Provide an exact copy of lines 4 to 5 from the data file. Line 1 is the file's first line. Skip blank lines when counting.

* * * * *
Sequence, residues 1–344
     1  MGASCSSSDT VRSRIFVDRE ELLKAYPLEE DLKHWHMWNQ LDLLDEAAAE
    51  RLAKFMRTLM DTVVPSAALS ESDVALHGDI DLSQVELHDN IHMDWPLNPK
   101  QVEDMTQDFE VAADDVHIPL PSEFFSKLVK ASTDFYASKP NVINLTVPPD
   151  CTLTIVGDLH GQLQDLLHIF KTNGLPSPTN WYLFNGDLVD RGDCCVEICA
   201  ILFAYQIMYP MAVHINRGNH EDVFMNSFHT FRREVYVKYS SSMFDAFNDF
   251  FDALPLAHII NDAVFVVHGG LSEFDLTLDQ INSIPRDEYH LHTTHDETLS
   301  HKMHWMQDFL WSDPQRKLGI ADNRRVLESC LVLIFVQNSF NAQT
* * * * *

   101  QVEDMTQDFE VAADDVHIPL PSEFFSKLVK ASTDFYASKP NVINLTVPPD
   151  CTLTIVGDLH GQLQDLLHIF KTNGLPSPTN WYLFNGDLVD RGDCCVEICA